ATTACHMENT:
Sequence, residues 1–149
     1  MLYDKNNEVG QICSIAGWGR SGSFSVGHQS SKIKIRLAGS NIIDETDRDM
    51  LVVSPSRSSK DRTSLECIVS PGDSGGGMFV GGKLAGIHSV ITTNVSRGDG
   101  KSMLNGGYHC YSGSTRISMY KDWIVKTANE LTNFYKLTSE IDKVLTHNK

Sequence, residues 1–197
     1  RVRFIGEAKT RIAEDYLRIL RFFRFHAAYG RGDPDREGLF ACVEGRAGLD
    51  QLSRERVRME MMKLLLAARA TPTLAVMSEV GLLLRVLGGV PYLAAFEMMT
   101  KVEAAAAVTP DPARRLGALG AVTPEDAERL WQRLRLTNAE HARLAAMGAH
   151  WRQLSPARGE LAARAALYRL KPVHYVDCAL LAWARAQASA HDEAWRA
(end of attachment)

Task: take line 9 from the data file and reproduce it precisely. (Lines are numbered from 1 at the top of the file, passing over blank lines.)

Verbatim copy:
   151  WRQLSPARGE LAARAALYRL KPVHYVDCAL LAWARAQASA HDEAWRA